For the theater, the problem was how to safely video the ten pieces that were selected. Although the main criterion for inclusion remained diversity—of form, theme, and demographics to make sure a wide profile of perspectives was represented—Moseley admitted that film-ability became a consideration. “Some were just too ambitious to shoot,” he said. “Most are solos, and one is a duo. The largest has eight actors, and that was shot outside with masks, whereas last year, one piece had twelve dancers from the South Side.”
While a few artists made their own videos, most were shot in Collaboraction's Flat Iron studio using two main cameras and a third one just for wide-angle shots. Elaborate safety protocols based on CDC guidelines included the crew setting up cameras for the actors, then leaving the room while the taping took place. “I was at my home most of the time watching the recording and giving notes to the performers,” Moseley said. “The youths really took to video easily because they're thinking that way to begin with. They basically directed themselves, but each had a recording director to help bring out his or her vision.”
A couple of the artists are back from last year, among them Teh'Ray Hale Jr., who grew up in Hyde Park. His “Make Your Mark” is about a young man stuck in an office job who daydreams about a life pursuing his love of dance. Other performances range from Antwon Funches' “Perceptions” about the Black American experience of being racially profiled to “The Nightly Show with Dani Mauleon,” the Chicago artist and undocumented immigrant's news satire program about the tragic irony of her adventures in the U.S.
“The Light” is being live-streamed on the Together Network on Aug. 22 with introductions for each video and a chat room including the artists during the performance. They'll also be on hand for the post-show Crucial Conversation, an audience-participation session that follows most Collaboraction performances.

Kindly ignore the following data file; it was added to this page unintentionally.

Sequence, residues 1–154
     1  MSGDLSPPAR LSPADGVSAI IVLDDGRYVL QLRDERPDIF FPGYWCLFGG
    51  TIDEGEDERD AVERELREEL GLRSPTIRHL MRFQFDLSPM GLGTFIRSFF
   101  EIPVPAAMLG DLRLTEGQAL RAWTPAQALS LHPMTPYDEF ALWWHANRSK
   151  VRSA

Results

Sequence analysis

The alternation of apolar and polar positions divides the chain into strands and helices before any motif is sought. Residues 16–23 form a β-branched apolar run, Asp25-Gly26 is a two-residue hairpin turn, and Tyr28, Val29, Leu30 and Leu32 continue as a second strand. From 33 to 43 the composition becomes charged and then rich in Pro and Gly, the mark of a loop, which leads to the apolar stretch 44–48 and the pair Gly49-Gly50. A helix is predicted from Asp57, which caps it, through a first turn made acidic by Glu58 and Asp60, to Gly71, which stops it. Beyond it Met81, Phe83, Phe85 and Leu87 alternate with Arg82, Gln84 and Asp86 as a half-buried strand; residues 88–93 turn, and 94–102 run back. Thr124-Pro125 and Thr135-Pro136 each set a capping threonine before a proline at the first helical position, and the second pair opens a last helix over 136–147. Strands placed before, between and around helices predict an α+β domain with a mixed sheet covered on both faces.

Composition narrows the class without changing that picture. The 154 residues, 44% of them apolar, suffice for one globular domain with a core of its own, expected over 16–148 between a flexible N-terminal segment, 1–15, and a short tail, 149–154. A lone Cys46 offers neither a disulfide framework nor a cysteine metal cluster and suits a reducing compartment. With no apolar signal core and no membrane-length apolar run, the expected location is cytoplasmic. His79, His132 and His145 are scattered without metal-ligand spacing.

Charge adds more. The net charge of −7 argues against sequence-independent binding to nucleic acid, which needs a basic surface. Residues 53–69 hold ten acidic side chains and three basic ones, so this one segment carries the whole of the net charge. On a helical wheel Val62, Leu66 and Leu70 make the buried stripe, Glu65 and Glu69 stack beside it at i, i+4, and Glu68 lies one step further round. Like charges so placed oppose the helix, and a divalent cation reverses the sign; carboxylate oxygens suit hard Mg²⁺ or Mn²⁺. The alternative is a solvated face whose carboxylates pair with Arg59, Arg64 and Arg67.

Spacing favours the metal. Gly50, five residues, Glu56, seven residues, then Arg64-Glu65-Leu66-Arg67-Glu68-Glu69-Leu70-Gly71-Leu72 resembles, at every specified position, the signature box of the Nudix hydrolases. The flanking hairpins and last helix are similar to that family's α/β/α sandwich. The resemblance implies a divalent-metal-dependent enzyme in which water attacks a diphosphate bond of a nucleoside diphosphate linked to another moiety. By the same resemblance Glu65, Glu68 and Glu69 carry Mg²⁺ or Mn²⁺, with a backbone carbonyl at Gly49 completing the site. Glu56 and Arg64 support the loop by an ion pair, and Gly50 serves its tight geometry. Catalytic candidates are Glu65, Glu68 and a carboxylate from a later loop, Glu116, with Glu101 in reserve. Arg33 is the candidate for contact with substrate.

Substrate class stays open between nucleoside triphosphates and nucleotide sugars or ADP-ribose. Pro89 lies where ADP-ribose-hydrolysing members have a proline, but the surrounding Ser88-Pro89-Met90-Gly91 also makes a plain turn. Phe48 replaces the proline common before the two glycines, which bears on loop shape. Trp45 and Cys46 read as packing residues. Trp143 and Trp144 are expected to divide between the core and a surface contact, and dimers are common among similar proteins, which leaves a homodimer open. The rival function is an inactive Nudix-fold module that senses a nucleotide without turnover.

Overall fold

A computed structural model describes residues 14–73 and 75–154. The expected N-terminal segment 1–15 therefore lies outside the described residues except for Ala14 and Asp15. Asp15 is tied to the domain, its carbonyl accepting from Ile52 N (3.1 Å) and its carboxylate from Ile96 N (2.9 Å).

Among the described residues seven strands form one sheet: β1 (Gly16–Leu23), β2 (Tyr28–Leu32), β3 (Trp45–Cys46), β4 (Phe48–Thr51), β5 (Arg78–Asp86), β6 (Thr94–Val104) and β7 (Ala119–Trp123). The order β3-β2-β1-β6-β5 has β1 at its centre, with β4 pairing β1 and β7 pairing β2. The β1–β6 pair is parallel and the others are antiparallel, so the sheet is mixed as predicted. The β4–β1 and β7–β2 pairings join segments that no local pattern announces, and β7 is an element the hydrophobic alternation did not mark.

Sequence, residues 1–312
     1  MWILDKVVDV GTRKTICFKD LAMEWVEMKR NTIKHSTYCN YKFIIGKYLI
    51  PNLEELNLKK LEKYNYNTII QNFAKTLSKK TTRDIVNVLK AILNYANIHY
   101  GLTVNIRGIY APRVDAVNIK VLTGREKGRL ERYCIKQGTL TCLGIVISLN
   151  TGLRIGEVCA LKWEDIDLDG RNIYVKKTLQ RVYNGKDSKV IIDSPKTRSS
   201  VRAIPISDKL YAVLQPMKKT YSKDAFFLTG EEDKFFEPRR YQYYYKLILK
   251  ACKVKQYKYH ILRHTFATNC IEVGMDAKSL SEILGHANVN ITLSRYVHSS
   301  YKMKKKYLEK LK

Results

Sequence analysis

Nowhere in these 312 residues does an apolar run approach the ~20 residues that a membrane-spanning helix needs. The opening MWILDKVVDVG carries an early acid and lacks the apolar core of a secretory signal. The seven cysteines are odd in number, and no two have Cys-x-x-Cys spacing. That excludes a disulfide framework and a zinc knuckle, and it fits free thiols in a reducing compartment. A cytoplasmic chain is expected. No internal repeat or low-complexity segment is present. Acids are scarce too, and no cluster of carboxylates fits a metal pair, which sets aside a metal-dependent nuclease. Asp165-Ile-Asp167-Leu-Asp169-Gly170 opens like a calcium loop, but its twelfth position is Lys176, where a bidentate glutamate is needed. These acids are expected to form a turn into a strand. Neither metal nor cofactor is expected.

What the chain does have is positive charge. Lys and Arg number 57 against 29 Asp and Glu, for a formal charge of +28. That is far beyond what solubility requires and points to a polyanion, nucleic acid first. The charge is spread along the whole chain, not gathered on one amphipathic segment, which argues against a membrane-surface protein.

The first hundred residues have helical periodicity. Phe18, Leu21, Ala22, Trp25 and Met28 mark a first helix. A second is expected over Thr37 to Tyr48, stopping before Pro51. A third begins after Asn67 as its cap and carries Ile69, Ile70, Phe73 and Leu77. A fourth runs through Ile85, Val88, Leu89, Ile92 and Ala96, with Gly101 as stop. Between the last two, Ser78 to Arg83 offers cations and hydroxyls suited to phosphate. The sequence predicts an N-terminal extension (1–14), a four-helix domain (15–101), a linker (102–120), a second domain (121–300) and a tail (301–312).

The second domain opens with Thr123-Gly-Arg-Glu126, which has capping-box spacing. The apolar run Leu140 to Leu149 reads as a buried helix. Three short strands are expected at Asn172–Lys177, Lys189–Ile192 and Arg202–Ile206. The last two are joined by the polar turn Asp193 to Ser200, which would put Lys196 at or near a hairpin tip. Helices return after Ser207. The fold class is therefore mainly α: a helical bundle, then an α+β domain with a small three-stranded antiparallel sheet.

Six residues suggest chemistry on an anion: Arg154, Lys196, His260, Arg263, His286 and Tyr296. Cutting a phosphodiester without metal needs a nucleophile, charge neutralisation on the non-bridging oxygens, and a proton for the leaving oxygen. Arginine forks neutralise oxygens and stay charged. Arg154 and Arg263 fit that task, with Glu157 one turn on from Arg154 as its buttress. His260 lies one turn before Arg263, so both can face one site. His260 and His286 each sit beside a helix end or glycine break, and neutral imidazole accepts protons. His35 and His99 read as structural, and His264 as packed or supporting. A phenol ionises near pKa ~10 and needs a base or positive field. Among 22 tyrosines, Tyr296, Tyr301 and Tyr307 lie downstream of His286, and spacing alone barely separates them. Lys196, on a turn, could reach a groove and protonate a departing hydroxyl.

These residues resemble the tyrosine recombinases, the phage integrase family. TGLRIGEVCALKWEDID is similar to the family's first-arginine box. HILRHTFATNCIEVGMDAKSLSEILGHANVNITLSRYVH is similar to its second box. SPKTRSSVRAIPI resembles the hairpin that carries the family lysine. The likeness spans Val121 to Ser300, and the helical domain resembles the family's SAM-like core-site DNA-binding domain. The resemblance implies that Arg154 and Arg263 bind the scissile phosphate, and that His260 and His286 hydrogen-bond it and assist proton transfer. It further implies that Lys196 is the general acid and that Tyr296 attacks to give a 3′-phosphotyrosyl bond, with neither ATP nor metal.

Next up on the Together Network is the fifth annual Peacebook Festival on Oct. 2 and 3. This online version includes two programs of world premieres of short videos illuminating artistic visions of peace. “Essential Perspectives” features five self-made videos about community resilience to Covid-19, and “Perspectives on Peace” offers five fully produced videos about peace.
In December, Collaboraction presents the premiere of the second annual “All I Want For Chicago Is...,” its winter show about the hopes and dreams of Chicago youth, written and performed by the young people on the Together Network and directed by Crespo, who is the director of youth programming.
Spring of 2021 brings the postponed world premiere of “Red Island” by Carla Stillwell and Moseley at Kennedy-King College if health guidelines permit, or virtually if they don't. The satire with music by Shawn Wallace sheds light on the country's legacy of colonialism, classism, and racism, as well as current events surrounding Covid-19 and the Black Lives Matter movement. A Crucial Conversation led by executive director Dr. Marcus Robinson concludes each performance.
Even if “Red Island” is staged live, Moseley said he hopes to bring parts of it to the Together Network, a format he fully embraces, “Having a digital platform enables us to reach people all over the city, state, and country who might never come to our shows,” he said. “Our potential audience has grown exponentially. It's like when major league baseball went on radio for the first time.”